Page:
– You made a name for yourself in the Lockerbie trial. The investigation lasted three years, and charges were subsequently brought against two Libyan intelligence agents. At first, Libya refused to extradite the suspects. However, after the UN Security Council imposed international sanctions against the country, Libya agreed to extradite the suspects for a trial in the Netherlands in accordance with the laws of Scotland. After nine months of the trial, one of the defendants was found guilty. You submitted a lawsuit filed by the relatives of the victims. Compensations were paid in exchange for lifting the sanctions. What payments are we talking about?
– There were two cases regarding Pan Am Flight 103. I did not work on the domestic case brought in the USDC for the Eastern District of NY against Pan American and Alert Security Services. The flight was bombed by an altitude sensitive pressure detonator armed bomb loaded in a musical Boom Box placed in luggage by agents of the Libyan government’s security service.
The case against Libya was based upon their role as a state sponsor of terror and their acts against 270 innocent civilians. Settlement was ultimately made for $2.7 B in non-compensatory damages.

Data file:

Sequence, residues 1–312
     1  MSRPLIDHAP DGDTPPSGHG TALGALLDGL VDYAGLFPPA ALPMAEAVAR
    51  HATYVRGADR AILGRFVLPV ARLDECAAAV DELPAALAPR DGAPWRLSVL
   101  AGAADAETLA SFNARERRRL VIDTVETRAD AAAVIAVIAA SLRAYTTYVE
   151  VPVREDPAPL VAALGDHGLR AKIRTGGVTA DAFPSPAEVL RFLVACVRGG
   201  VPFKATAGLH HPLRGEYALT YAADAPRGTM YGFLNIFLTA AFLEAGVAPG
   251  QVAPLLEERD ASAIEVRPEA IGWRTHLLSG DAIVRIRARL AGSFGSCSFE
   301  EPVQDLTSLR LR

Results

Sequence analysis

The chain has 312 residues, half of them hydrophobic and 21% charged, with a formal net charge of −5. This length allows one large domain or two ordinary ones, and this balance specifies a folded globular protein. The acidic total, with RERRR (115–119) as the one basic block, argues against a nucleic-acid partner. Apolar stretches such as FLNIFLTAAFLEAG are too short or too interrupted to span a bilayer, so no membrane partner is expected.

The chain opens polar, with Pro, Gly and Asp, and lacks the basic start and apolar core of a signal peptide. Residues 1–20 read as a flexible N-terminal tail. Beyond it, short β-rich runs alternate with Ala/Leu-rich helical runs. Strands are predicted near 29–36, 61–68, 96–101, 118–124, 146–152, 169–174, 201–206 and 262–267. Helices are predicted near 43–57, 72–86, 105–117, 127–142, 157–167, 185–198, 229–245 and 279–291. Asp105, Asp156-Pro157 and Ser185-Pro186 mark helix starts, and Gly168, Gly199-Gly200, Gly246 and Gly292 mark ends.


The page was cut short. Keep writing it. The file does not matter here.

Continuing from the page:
– In what other cases did you participate? Were there any cases not related to aviation?
– Aviation: Northwest Airlines Flight 255, Pam Am Flight 103, TWA 800, Swiss Air 111, Egypt Air 990, Comair 3272, USAIR Flight 427, USAIR Flight 405, the Royal Jordanian Airlines hand grenade case; dozens of commuter, general aviation and helicopter incidents; the Cessna Caravan 208B multi-district litigation cases and numerous parachute jump crash cases.
Non-aviation: the 1978 Beverly Hills Supper Club fire, MGM Grand Hotel fire, Holiday Inn Cambridge fire, drug products liability in multiple counties, antitrust lawsuits, and numerous other tort actions.